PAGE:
According to the World Health Organization (WHO), the severe acute respiratory syndrome coronavirus 2 (SARS-CoV-2) the causative agent coronavirus disease (COVID-19) has infected over 414 million worldwide and caused the deaths of over 5.83 million. SARS-CoV-2 continues to place a significant burden on international healthcare systems due to its effective interhuman transmissibility and clinical disease which, in extreme cases, can lead to hospitalization.
Non-pharmacological interventions (NPIs) such as physical/social distancing, improved hand hygiene adherence, mask mandates, business and school closures, city-wide lockdowns, and international border closures have all been used to reduce SARS-CoV-2 transmission and avoid overburdening healthcare systems.
Study: The REinfection in COVID-19 Estimation of Risk (RECOVER) study: Reinfection and serology dynamics in a cohort of Canadian healthcare workers. Image Credit: Marcos Homem / Shutterstock.com
SARS-CoV-2 reinfection epidemiology in healthcare workers and the general public has been studied in several large-scale prospective and retrospective cohort studies. For example, the main goal of the REinfection in COVID-19 Estimation of Risk (RECOVER) study is to evaluate the level of reinfection with SARS-CoV-2 in a group of healthcare workers (HCWs) who have tested positive for SARS-CoV-2 either in the first or second wave of the pandemic.
In the RECOVER study, which is published on the preprint server medRxiv*, a team of researchers from various Canadian institutions document all cases of reinfection discovered during the first year of the project. The researchers also calculate the reinfection frequency in unvaccinated HCWs, explain the antibody response following recovery from COVID-19, and offer an in-depth profile of a cohort of previously infected HCWs.
About the study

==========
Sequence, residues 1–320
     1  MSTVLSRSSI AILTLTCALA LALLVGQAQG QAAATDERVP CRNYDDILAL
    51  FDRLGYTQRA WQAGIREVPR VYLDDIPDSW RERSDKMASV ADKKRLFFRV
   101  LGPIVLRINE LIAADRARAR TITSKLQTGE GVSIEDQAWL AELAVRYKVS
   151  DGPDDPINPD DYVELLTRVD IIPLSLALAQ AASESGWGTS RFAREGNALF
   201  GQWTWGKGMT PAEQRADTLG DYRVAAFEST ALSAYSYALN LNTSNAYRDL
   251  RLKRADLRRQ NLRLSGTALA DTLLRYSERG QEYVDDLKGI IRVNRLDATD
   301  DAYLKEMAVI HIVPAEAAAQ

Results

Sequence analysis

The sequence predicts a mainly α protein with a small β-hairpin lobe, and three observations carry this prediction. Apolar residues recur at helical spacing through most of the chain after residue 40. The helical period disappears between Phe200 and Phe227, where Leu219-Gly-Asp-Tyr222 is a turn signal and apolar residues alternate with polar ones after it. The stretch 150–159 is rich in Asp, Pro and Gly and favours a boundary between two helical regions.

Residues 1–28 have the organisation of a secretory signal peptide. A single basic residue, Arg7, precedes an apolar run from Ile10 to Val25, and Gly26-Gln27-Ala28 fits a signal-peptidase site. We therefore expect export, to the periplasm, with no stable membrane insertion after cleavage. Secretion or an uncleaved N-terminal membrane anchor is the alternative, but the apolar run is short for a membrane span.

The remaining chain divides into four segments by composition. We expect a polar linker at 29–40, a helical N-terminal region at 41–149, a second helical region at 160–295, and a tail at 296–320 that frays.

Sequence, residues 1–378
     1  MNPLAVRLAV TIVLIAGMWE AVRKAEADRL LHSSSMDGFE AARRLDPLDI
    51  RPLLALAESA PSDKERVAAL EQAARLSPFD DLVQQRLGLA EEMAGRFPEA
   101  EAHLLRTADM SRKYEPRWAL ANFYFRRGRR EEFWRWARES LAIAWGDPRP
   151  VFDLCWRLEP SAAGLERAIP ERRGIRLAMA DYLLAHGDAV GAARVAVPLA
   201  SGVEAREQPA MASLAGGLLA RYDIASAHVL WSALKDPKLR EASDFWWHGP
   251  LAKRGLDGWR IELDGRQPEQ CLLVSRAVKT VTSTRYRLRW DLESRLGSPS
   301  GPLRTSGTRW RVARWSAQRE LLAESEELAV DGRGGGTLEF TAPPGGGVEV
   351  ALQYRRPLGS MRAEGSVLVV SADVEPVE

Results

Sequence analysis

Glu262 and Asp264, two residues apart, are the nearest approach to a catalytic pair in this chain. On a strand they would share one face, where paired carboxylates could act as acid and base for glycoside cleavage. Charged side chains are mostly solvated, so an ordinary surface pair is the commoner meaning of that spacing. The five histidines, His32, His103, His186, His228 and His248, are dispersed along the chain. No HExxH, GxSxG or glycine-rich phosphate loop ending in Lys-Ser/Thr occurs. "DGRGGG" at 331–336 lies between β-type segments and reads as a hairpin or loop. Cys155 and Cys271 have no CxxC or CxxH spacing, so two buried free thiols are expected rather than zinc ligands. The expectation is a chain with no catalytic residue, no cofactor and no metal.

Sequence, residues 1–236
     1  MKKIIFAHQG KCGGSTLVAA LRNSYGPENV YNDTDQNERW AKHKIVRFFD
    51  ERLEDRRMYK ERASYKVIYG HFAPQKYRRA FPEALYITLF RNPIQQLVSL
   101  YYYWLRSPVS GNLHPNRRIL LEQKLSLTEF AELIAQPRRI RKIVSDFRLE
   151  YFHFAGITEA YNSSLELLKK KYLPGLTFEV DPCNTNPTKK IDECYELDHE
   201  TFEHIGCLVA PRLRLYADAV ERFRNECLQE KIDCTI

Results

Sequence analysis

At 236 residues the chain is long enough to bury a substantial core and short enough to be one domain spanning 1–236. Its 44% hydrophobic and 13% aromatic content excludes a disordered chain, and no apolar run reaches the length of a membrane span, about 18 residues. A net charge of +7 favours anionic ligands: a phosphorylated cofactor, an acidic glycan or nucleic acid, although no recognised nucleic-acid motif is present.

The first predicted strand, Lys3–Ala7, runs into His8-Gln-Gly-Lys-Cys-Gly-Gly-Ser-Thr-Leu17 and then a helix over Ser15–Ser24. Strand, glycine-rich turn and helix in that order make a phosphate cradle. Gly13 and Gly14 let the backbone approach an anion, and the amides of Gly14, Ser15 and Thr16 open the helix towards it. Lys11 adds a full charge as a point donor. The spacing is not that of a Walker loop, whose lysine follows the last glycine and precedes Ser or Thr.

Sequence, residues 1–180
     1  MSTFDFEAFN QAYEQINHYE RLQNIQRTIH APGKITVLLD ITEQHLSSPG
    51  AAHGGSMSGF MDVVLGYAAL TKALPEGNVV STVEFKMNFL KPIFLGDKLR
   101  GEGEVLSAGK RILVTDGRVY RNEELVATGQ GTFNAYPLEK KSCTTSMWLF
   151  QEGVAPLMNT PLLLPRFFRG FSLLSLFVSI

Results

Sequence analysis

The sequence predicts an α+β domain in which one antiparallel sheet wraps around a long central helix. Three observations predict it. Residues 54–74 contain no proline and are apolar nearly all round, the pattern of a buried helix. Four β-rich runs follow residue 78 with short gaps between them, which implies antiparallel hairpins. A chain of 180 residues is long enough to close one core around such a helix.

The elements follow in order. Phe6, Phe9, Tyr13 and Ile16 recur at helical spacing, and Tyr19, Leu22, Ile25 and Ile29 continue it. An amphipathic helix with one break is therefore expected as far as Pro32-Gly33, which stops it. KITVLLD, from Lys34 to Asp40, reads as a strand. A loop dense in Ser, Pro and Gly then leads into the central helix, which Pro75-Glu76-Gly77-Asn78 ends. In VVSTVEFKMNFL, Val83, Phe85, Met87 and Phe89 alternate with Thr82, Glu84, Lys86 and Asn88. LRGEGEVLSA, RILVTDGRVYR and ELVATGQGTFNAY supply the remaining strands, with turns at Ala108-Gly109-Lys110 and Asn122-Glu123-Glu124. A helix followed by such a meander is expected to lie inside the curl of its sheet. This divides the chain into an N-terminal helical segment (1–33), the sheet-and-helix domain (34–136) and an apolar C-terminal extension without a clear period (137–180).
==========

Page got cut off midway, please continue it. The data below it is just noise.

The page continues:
The initial infection with SARS-CoV-2 caused symptomatic COVID-19 disease in a majority of the individuals included in this study, with acute symptoms lasting for an average of 14 days. According to participants, the initial infection was caused by encounters that occurred mainly at the workplace or at home.
Timeline of the RECOVER study, overlayed with variants in circulation during the study period. The enrolment of participants was from August 17th 2020 to April 8th 2021. The follow-up period (for the results presented in this paper) was from August 17th 2020 to October 19th 2021. Enrolled participants acquired their primary infection between March 6th 2020 and February 14th 2021. Approximate periods for circulation of variants were derived from provincial surveillance data.
Thirty-four HCWs needed to be admitted to the hospital for COVID-19-related treatment, with 12 requiring oxygen therapy, two requiring intensive care, and one requiring mechanical ventilation. The multivariate logistic analysis found obesity as the primary significant individual risk factor for hospitalization. Age, sex, ethnicity, pre-existing medical disorders other than obesity, vitamin D intake, and smoking status were not associated with an increased likelihood of being admitted to the hospital.
Between August 17th, 2020, and October 19th, 2021, the authors discovered five suspected cases of reinfection. Six months after the initial sickness, one person claimed a reappearance of acute symptoms and was found to be positive for COVID-19 during the investigation. This incident was removed from the analysis because it did not fulfill the primary outcome definitions, despite the fact that it was suggestive of reinfection.